It is quite possible that when respondents on public opinion polls claim to be worried about “corruption,” they might not be using that term in the narrow sense of illegal activities like bribery, embezzlement, and unlawful conflict of interest. After all, corruption of that sort, while certainly present in the U.S., is not a systemic problem the way it is in other countries. For example, only 5% of Americans report paying a bribe, according to a recent Transparency International survey. I suspect that poll respondents who decry widespread corruption are concerned not with more traditional corruption (illegal acts defined by federal statutes), but rather with the outsized influence of lobbyists and the myriad ways special interests can exchange money for favorable treatment from politicians—what the advocacy group Represent.Us describes as “legalized corruption.” So it is perhaps not surprising that presidential candidates don’t focus too much on things like bribery. Many of these candidates do, of course, talk about money in politics and the baleful influence of “special interests” (see here and here). But if American voters use an expansive definition of “corruption,” why don’t American politicians cater to them by also using the rhetoric of corruption to discuss the problem of money in politics and special interest favoritism?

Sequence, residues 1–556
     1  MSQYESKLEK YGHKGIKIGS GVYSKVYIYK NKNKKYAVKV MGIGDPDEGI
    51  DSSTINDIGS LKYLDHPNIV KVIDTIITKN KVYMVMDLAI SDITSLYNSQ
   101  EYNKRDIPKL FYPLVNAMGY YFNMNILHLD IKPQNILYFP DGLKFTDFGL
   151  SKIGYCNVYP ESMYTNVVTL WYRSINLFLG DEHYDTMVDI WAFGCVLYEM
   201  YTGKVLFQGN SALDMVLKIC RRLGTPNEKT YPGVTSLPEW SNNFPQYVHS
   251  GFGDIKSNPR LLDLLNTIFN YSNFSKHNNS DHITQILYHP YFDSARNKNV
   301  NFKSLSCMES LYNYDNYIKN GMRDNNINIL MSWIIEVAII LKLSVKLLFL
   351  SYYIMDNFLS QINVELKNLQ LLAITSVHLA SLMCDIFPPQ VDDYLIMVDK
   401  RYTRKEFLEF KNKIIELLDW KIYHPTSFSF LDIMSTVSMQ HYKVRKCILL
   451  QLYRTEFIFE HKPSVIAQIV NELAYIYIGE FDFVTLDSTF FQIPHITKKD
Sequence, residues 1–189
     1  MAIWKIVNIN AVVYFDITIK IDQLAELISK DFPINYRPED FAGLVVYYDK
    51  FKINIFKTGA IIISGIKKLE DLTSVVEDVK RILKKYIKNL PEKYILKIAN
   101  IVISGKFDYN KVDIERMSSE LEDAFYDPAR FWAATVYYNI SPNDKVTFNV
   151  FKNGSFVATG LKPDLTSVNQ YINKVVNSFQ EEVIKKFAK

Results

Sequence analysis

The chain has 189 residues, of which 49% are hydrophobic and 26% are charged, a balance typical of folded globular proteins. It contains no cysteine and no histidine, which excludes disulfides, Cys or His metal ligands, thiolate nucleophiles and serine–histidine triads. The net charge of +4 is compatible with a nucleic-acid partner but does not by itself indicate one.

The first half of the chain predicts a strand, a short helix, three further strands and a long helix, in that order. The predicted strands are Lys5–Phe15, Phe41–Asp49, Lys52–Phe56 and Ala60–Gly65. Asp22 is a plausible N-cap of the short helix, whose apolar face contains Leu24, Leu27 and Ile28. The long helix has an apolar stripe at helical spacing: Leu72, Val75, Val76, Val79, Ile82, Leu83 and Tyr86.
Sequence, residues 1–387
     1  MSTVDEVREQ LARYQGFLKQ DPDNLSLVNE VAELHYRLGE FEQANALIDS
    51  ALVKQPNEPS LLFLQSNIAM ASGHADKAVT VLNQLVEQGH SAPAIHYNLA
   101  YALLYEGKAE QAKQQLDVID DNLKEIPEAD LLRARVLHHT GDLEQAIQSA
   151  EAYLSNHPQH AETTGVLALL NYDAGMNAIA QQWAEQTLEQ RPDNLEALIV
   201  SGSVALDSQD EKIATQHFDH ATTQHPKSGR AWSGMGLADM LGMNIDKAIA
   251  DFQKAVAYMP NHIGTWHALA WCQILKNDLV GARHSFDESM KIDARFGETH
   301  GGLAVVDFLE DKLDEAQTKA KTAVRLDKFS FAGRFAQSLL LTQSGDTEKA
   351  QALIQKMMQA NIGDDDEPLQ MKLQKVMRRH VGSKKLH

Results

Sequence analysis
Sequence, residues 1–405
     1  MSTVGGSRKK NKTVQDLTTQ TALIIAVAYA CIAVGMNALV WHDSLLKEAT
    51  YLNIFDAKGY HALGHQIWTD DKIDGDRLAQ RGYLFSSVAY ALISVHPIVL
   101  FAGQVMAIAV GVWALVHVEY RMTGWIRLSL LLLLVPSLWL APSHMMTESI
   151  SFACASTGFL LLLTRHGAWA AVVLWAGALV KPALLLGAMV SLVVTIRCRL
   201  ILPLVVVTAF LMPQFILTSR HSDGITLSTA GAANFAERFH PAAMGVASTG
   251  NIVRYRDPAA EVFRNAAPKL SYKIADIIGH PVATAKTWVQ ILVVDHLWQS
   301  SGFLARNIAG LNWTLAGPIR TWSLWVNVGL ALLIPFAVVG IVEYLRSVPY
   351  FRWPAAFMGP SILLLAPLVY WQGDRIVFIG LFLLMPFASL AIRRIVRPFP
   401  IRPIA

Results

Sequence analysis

It may be that, in spite of what the polls suggest, candidates may view the issue as a political loser. John McCain argued that campaign finance was key to addressing corruption in his bid for the 2000 Republican Presidential primary, but failed. More recently, Larry Lessig ran for president with the singular purpose of reforming what he saw as a corrupt political system. He was not the only candidate to talk about campaign finance reform, but he was willing to talk about the issue as a form of institutional corruption. He had a detailed plan to attack the problem: his proposed Citizen Equality Act of 2017 would have included measures designed to end gerrymandering, promote universal civic participation, and create citizen-financed elections. Additionally, his campaign materials frequently used the term “corruption.” Yet his campaign struggled to even be included in polls. The one poll that did include him registered 1% support. Running on an anticorruption platform, it seems, was not enough for his campaign to catch fire.